Iron and zinc are two critical minerals responsible for hair growth, but you may not consume enough if you’re vegetarian or vegan, or you’ve reduced your calorie intake drastically. According to the NHS, the recommended daily amount of iron for men over 18 is 8.7mg.
Fortunately, many foods are rich in iron. A few examples:
- Leafy greens
- Kidney beans
- Edamame beans
- Red meat
- Dried fruit (e.g. apricots)
And for zinc, try to get the recommended 9.5mg per day through the following foods:
- Dairy produce
- Red meats
You may need to significantly change your diet to consume more of these foods, but it should feel worthwhile if your hair growth improves. You might want to check with your doctor if you plan to overhaul your diet extensively.
Supplements can help you get the vitamins and minerals you need to maintain healthy hair, but you should consult your doctor to understand the potential side effects. For example, excess zinc or iron can contribute to toxicity and other issues.
Furthermore, biotin (part of the B vitamin family) has been linked to hair regrowth in some cases. However, people often have healthy biotin levels anyway without needing to change their diet.
Similarly, avoid getting more vitamin A, E, and selenium than you need — over-supplementation can contribute to hair loss.
According to the Stress Management Society, stress caused 74% of adults in the UK to feel “overwhelmed or unable to cope” in 2020.
Too much stress can lead to a number of health problems, including telogen effluvium — a condition that leads to more hair loss than usual. Fortunately, this is typically temporary and should resolve if you can reduce your stress levels.
If you struggle to manage your stress, ask your doctor for advice. They should offer advice on how to get thicker hair and may recommend medication.
If you’re considering how to make hair thicker, hair transplantation could be the solution you need. These treatments are more widely available and affordable than ever, while celebrities like Calum Best and Joe Swash have helped to make them more mainstream by discussing their own experiences openly.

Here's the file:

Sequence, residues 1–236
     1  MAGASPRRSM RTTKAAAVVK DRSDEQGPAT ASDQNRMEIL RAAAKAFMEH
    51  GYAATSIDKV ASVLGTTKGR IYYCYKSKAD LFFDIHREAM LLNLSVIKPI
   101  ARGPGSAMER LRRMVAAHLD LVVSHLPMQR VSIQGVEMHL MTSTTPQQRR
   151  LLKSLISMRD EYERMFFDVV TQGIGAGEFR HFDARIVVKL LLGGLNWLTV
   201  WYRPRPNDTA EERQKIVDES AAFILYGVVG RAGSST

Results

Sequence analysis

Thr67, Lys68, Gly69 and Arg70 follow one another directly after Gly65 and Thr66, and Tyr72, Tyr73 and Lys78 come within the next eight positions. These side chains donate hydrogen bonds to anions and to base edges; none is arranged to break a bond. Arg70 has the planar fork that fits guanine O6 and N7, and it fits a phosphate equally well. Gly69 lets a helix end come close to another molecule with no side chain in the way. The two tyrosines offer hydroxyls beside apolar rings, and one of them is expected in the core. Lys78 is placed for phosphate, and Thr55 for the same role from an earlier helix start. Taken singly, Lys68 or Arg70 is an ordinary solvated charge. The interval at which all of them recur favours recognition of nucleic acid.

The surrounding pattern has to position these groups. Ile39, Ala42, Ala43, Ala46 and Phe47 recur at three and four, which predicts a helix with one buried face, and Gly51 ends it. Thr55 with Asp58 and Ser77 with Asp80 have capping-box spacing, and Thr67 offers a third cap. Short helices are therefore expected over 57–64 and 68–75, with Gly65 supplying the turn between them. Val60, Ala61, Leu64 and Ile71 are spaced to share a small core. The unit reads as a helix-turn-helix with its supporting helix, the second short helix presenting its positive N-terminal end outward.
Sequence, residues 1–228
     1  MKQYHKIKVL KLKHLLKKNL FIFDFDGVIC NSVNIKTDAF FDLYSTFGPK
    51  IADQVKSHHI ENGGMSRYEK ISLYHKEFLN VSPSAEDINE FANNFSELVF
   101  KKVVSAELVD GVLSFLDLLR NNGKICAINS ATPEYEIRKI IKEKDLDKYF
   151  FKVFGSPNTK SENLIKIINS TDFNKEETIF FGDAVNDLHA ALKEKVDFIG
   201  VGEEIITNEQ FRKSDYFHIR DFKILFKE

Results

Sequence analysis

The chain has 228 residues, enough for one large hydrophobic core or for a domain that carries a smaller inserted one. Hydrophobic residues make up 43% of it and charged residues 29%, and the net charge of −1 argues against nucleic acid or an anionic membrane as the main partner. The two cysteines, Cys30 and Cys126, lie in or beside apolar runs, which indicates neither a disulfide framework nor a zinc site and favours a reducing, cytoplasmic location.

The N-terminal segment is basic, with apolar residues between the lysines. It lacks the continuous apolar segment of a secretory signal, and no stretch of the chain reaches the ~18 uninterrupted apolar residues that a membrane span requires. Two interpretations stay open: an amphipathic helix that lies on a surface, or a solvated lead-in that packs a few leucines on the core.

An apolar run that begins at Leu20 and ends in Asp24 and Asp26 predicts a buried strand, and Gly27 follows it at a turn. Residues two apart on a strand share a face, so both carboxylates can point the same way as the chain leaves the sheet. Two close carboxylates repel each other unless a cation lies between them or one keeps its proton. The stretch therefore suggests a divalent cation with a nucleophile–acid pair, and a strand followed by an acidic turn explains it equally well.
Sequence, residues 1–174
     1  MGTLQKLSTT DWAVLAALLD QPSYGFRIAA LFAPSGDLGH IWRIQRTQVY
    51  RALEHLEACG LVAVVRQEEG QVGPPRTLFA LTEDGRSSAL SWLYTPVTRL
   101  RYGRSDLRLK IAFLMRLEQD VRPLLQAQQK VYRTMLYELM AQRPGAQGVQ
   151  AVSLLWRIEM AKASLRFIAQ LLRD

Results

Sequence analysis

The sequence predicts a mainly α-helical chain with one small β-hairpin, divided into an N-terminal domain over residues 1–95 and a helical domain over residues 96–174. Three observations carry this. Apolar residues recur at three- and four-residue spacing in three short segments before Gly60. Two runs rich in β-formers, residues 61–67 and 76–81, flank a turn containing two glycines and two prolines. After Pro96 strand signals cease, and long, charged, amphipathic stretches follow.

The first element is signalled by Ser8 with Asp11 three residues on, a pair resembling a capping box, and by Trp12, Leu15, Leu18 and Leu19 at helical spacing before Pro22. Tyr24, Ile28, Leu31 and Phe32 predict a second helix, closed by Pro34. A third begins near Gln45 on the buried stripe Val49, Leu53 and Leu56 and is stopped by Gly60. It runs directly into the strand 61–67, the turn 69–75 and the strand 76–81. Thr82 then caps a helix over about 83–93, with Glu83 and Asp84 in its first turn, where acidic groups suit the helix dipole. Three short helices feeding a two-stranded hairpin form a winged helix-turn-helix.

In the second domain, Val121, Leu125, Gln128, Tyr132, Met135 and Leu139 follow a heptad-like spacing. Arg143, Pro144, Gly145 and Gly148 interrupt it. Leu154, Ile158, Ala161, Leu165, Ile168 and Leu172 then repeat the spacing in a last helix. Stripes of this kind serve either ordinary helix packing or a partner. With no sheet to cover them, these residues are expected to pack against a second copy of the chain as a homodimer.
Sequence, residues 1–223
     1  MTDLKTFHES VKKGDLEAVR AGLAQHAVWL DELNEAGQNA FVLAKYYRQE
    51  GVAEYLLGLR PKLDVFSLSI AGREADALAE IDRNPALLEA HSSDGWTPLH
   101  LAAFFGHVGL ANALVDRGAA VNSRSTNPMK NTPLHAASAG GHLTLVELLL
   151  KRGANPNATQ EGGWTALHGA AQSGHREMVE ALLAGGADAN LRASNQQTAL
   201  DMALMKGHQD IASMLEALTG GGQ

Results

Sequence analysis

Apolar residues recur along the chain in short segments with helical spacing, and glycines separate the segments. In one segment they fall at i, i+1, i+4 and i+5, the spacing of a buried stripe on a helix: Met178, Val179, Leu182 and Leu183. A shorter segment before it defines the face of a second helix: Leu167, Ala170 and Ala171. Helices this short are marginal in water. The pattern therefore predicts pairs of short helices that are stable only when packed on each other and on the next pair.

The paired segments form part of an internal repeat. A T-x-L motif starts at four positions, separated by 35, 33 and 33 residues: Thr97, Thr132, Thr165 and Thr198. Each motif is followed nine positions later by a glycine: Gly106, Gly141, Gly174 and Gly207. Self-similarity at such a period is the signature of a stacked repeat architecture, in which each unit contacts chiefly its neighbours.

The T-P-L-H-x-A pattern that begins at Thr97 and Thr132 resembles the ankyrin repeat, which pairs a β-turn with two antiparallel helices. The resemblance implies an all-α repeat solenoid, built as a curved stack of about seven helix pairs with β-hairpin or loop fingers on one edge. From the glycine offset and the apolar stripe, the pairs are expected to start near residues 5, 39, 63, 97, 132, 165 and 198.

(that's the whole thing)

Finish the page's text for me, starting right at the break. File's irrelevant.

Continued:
Hair replacement surgery involves transplanting hair follicles from areas of the scalp with healthy hair growth to those affected by thinning. The most advanced techniques, including the FUE2 (Follicular Unit Extraction) method, can lead to natural hair regrowth with success rates up to 90 – 95%.
HairPalace’s experienced surgeons have helped thousands of UK men with hair replacement surgery procedures.
You can schedule a no-obligation appointment with a member of our team to learn more about how to thicken hair with our transplants, as well as our competitive rates and written treatment guarantee.
Follow these tips to naturally make your hair thicker:
● Avoid using dry shampoo excessively.
● Never wash your hair with shampoos containing sulfate.
● Eat a balanced diet without restricting foods that contain essential nutrients.
● Consume the recommended amount of vitamin C (40mg for adults, according to the NHS website).
● Use a low setting on heated styling tools to avoid drying the hair out too much.
Try the following ideas to make your hair thicker:
● Colour your hair less often.
● Trim your hair regularly to encourage faster growth.
● Eat a healthy diet to give your hair the nutrients it needs.
● Avoid shampooing every day.
● Brush your hair gently before you go to bed.
● Handle wet hair carefully, as it’s more vulnerable to damage.
● Use cold water to rinse your hair after shampooing.
● Cut down on heated styling tool usage.
Your hair won’t become thicker again without treatment if male pattern baldness is to blame for your shedding. But if telogen effluvium is the sole cause, your usual hair growth should continue within around six months with no need for professional assistance.
To maintain healthy, thick hair that grows quickly, good fats are vital. You can source these from nuts, olive oil, and foods rich in omega-3. Other helpful foods include figs, eggs, and mangoes, as they’re packed with zinc, protein, and silica. These encourage the body to produce collagen and enhance your general immunity, promoting healthy hair growth.
- Koyama T, Kobayashi K, Hama T, Murakami K, Ogawa R. Standardized Scalp Massage Results in Increased Hair Thickness by Inducing Stretching Forces to Dermal Papilla Cells in the Subcutaneous Tissue. Eplasty. 2016 Jan 25;16:e8.https://www.ncbi.nlm.nih.gov/pmc/articles/PMC4740347/
- Prager N, Bickett K, French N, Marcovici G. A randomized, double-blind, placebo-controlled trial to determine the effectiveness of botanically derived inhibitors of 5-alpha-reductase in the treatment of androgenetic alopecia. J Altern Complement Med. 2002 Apr;8(2):143-52. https://doi.org/10.1089/acm.2002.8.143
- Trost LB,Fowler Bergfeld W, Calogeras E.The diagnosis and treatment of iron deficiency and its potential relationship to hair loss. Journal of the American Academy of Dermatology. 2006 May;54(5):824-844. https://doi.org/10.1016/j.jaad.2005.11.1104
- Buffoli B, Rinaldi F, Labanca M et al. The human hair: from anatomy to physiology. Int J Dermatol 2014;53: 331–341 https://doi.org/10.1111/ijd.12362
- Guo EL, Katta R. Diet and hair loss: effects of nutrient deficiency and supplement use. Dermatol Pract Concept. 2017 Jan 31;7(1):1-10.https://doi.org/10.5826/dpc.0701a01